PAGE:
Now that I have said that, did anyone else notice this
    apparent quote from Cardinal Pell in last week’s “Catholic
    “I would agree that in a long-term homosexual relationship, it’s appropriate for them to be recognised in law.”

    You can read it online (I’m not responsible for
    links etc.) at:

    The quote may not be accurate. I know of
    one case where Zenit purported to quote the Holy Father but missed out the critical word “not”.

    Otherwise, the Cardinal’s (alleged?) statement
    involves asking the civil law to sanction sexual
    immorality. And yet this quote passed without apparent
    comment in the rest of the paper.

  18. Mac McLernon says:

    Thomas – sadly, it’s just wishful thinking… though he’s certainly known to some in the Vatican… but mostly it’s an inside joke.


    He’d have been excellent though!

  19. Trevor says:

    Didn’t Bishop Roche say something to the effect of “Summorum Pontificum doesn’t apply in my diocese?”

    That sounds like bad news for Westminster (even worse for the CDW).

  20. Ma Tucker says:

    Bishop Longley is a good choice. Let’s face it if a real conservative got the post many of the existing Bishops could never deal with it. Bishop Longley is a true liberal in the sense that I’m sure he’ll allow the left to be the left and the Catholics to be Catholics. He is dearly loved by protestant leaners because he’s a really nice chap. He is also supportive of Catholics attached to the traditional faith. As I say a true liberal in the best meaning of the word. Me I’d vote for Fr. Aidan Nichols. The man is papable and far too intelligent not to have a major input in the English Catholic Church. I’m afraid however, the English patient may require sweet milk for a while before he can endure the meat. For this reason I think Bishop Longley would fit the bill.

  21. Ma Tucker says:

    I do hope they do not mix him up with Clifford Longley, the preacher of heresy. Mixing up Christian names can be very mucky!

  22. Joseph says:

    Silly question, but what happened to Abbot Hugh of Pluscarden Abbey in Scotland? Did he get pulled from the list of candidates for Abp. of Westminster?

  23. trespinos says:

    Holy Father,

    Fr. Alexander Sherbourne, PP of St. Patrick’s, Soho,
    Bp. Longley.

    Per piacere.

  24. Sharon says:

    The new Archbishop of Westminster will have to have a lot more going for him than just a liking for or approval of the Extraordinary Rite. I do hope though that one of those in whose defense for the debacle they preside over is “he is personally orthodox” or “he is pastoral” code for anything goes in his diocese is not chosen. We only have to look at the Brisbane archdiocese to see the results of that.

  25. Bishop Roche’s address on the new translations is very interesting but I always understood that “And with Thy Spirit” referred to the Holy Spirit as received in the Sacrfanment of Holy Orders and thus no one below the rank ofdeacon can use the Dominical Salution. In the Offices, if the Officiant is not in Orders he or she substitutes “O lord hear my Prayer”.

    Of course there is always something to screw up any argument and in this case it’s the “Et cum Spiritu Tuo” in the giving of the Pax among lesser clerics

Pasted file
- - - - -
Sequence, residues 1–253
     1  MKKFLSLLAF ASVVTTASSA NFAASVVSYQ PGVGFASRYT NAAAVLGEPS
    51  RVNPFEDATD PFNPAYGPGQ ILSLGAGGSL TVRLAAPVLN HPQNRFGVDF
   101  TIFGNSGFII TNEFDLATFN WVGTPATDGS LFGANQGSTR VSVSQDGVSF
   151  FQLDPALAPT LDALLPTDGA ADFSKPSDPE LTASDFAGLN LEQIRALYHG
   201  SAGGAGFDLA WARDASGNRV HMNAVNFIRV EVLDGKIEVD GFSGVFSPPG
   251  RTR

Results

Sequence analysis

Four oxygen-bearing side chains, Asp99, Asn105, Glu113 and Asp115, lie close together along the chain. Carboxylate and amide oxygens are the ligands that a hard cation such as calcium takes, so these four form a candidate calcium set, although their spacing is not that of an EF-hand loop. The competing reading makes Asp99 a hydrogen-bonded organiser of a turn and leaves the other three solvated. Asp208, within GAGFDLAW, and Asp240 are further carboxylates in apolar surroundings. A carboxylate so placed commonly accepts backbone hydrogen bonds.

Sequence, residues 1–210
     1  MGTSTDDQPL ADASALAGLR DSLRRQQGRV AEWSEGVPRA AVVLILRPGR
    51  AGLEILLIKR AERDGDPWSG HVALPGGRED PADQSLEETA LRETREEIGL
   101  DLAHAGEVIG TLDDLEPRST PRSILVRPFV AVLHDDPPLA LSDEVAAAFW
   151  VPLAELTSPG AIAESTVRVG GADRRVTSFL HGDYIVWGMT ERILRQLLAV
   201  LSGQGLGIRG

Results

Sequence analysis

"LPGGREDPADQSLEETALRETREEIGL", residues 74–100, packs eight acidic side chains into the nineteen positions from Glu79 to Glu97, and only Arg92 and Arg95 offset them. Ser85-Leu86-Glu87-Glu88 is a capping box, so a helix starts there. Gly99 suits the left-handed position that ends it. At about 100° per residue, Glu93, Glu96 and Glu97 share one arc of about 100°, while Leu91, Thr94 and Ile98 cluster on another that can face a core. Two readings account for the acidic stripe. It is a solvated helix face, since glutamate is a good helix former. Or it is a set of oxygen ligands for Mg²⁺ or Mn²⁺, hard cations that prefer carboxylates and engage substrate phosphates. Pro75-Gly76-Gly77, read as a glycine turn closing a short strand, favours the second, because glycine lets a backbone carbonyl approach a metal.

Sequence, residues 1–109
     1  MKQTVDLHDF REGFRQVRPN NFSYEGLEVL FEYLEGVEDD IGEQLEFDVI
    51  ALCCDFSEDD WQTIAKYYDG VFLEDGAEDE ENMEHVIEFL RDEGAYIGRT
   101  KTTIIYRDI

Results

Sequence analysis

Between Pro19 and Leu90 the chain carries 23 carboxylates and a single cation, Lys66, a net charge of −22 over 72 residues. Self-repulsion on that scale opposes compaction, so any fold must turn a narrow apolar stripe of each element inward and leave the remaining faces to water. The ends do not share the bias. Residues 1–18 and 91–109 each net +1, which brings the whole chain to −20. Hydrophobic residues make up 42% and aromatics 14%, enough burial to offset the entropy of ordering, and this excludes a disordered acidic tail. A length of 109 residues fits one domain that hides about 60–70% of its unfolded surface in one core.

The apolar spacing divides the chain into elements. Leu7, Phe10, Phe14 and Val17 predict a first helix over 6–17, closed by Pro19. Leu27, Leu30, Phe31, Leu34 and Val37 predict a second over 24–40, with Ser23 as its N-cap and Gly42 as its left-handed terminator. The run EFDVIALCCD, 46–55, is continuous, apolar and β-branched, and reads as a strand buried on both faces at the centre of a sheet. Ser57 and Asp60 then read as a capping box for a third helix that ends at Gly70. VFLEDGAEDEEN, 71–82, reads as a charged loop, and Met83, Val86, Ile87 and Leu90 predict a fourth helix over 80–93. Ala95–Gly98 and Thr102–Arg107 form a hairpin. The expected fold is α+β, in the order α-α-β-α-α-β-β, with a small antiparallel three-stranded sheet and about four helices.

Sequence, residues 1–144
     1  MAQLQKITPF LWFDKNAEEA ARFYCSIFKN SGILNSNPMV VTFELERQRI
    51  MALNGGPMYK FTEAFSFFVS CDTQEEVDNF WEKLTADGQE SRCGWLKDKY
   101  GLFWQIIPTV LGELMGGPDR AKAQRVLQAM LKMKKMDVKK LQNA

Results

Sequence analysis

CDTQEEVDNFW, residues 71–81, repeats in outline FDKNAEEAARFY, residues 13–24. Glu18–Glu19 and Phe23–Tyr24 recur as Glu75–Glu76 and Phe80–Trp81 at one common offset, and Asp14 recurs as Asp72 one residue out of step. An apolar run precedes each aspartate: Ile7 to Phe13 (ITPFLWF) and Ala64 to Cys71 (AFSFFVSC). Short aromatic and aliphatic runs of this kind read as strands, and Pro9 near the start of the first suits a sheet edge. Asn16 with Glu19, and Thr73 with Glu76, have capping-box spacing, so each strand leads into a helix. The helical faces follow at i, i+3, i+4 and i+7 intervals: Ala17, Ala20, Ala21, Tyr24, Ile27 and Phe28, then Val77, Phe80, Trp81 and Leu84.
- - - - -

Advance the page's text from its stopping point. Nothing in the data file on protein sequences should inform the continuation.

26. Al says:

    “Tim Finigan, His Hermeneuticalness, P.P. of Blackfen, bete noir of The Pill…”

    Perche no? The Lord does work in mysterious ways. This could be 1 of them. (We can only hope & pray!)

  27. Kevin says:

    It is obviously important that the new archbishop will
    look benevolently on the SSPX, which has at least one
    parish within the archdiocese.

    With this in mind I note that a letter writer in this
    week’s “Catholic Herald” has reached the same
    understanding that I did in my earlier post regarding
    Cardinal Pell’s apparent attitude to the relationship
    between Church and state. (No one else seems to be
    discussing this.)

    See the letter headed “Warmer attitudes”, and note that
    the letter writer’s conclusion is not one I imagine the
    Cardinal would be content with (usual caveat with regard
    to links):

    In an interview in the same paper, the Cardinal mentions
    a specific teaching of Vatican II to which traditionalists
    such as the SSPX must adhere, namely that the state cannot
    compel belief. It is not my understanding that Catholic
    states every did this outside of a historical context
    in which the people’s Catholicism was as much taken for
    granted as, say, their Englishness.

    On the other hand, is the Cardinal endorsing the concept
    of separation of Church and state, and in so doing,
    allowing that the state can legislate for immorality
    according to lawmakers’ own consciences? If so, I cannot
    agree with that conclusion.

    I do not mean to focus on Cardinal Pell as an individual,
    but I think these ideas may lie at the heart of the
    “conflict” between the SSPX and their opponents within
    the Church, and I suspect that the SSPX’s position –
    presumably that legislators are not free to positively
    sanction that which the Church has infallibly declared
    to be immoral – may be more in keeping with the
    hermeneutic of continuity.

  28. schoolman says:

    Kevin, I think that Rome and the SSPX seek the same goal — that all individuals and states be united in the one true Faith and in His Church. I think the rub is in the means. This goal must be realized organically not mechanically) and freely (nor imposed by force). Christ must first reign freely in hearts and families before he can reign freely in institutions and societies or nations. We will have to re-Evangelize and re-Christianize the world — not by force or by the sword — but as it was done before. A new Christendom can’t come about by mere power-politics or even majority rule. Rather, it will be the fruit new saints by their preaching the gospel, examples of charity and self-sacrifice.

  29. joe says:

    It’s a shame the Holy See’s website doesn’t have polls in the same way WDTPRS does! :-)

    If it did, I expect Fr. Finigan would be the next Abp. of Westminster.

    Which would please me to no end.


  30. Kevin says:

    schoolman, I agree. Actually, I think if my observations
    are broadly correct then I am hopeful that this particular
    source of division within the Church may not be so
    insurmountable as the decades of apparent conflict would
    suggest. (Is that hopelessly naive?)

    My point is a narrow, though important, one. The Church